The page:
Outer Hip Pain

Pelvic floor exercises
Tightness or pain bothering you?

Pain in the hip can be a real pain to deal with, but it can also be your body’s way of telling you there is an imbalance in strength that needs correcting. Muscles do not need to be perfectly even front to back or left to right, but pain can result if the discrepancy is too great. Let’s run through a few common areas to test and see if you might have an imbalance causing your pain.

One prime area to examine more closely is hip extensor vs hip flexor strength. Specifically, glute max vs TFL (tensor fascia latae- front pocket muscle). The glute max covers the back of the hip and is a strong hip extensor, the TFL sits in the front and is a strong hip flexor, and they both insert on the IT Band. Because of this shared insertion, relative balance between them helps keep the hip and knee happy.

Unfortunately, in our society tight hip flexors are all too common. Less standing, walking, and full squatting, and more sitting and driving all cause the TFL to become a more powerful force at the hip than the glute max due to tightness. When this happens, hip pain can result.

How do you know if your TFL is working too hard and your glutes are not working enough? Let’s run through a couple of quick tests to find out.

When a muscle works a bit too much, it will often get tender spots. These can be used as a guide to know something needs to change. It’s a good idea to give your body a little TLC in the form of release work and working the opposing muscle group to alleviate some of the stress that caused the tender spot in the first place.

For this test, let’s use the foam roller to check for tender spots in the muscle.

If you found any tender spots in the muscle, I’d like for you to do some foam rolling prior to exercise.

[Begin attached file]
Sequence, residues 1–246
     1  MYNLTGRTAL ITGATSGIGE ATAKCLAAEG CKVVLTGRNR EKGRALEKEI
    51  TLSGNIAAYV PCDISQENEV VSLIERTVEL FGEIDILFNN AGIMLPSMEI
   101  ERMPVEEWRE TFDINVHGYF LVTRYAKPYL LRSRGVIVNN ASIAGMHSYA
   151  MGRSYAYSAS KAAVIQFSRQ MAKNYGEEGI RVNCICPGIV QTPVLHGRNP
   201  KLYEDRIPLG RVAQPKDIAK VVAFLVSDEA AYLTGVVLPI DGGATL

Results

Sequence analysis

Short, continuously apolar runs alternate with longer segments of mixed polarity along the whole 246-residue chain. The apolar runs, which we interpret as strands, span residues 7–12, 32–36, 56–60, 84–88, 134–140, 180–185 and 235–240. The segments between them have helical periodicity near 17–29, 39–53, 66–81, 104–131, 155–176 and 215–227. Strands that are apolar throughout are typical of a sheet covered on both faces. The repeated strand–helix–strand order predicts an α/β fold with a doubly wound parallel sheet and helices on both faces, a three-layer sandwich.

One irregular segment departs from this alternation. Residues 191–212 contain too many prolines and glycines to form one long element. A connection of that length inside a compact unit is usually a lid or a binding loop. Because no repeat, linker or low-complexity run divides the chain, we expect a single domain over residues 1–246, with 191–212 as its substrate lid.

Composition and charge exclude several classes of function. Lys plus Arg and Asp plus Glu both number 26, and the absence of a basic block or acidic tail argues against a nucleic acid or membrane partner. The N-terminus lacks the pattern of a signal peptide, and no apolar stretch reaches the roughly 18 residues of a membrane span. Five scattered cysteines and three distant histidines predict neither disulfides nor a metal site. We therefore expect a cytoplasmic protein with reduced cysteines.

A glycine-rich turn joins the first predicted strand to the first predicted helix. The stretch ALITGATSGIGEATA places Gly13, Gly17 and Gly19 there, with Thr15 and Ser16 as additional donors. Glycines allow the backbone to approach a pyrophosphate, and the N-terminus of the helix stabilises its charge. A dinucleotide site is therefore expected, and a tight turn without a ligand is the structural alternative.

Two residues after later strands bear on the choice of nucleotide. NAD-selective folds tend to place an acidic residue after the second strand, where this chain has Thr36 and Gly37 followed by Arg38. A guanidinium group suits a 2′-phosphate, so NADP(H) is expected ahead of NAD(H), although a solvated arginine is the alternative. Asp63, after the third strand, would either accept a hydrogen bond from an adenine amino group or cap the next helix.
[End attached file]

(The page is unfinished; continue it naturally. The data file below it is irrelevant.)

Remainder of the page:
There are no bad muscles in the body, so let’s not get upset at the TFL for overworking. Let’s figure out why. Like most overuse injuries (including hip pain), the TFL is simply working harder to compensate for other areas that aren’t pulling their weight. The primary muscles include the abdominals, adductors, glutes, hamstrings and other hip flexor muscles.

When our abdominals, glutes, and hamstrings aren’t as strong as our TFL, the pelvis is pulled forward into an anterior pelvic tilt. When this happens the TFL is in a more advantageous position to work which encourages continued overworking and thus continued hip pain. In this forward position, the glutes get lengthened and that can make it harder for them to contract, further perpetuating the cycle.

Step 1: Decrease an anterior tilt by strengthening abdominals and hamstrings.

When the abdominals aren’t as strong as they need to be, the psoas (deep hip flexor) works harder to help out with spinal stability. If it’s working hard as a spinal stabilizer it can’t do its job as a hip flexor. When this happens the TFL has to work harder, too! Once that TFL gets on a roll, it just keeps right on going. It loves to be the helper that helps too much.

Find one of my favorite abdominal exercises [here].

Step 2: Train the glutes to fire without the TFL kicking in.

When the TFL contracts it pulls down on the front of the pelvis. When the glutes contract they pull down on the back of the pelvis. (See the stability tug of war these two can get into?) To find out what’s winning in a glute engagement battle, let’s test through facedown glute squeezes.

Then, keep it simple! If you pinched your fingers, a great way to work on that glute-TFL imbalance is to do more of those facedown glute squeezes. When it comes to training muscles, there is a huge mental component. Sometimes all it takes is a bit of time mentally connecting to your body and telling it to use muscles differently. We spend a lot of time foam rolling and releasing instead of listening to our bodies and perfecting execution. With a bit of mental action, you can rewire how the muscles are supporting your hip and thus decrease the overuse and pain.

In case that didn’t do the trick for you, be sure to check out your adductor (inner thigh muscle) and iliacus! If you’ve been doing the same old thing for years and just barely keeping that nagging pain at bay, it’s time to switch it up and get your body moving in a different way.

drsarahpelvis

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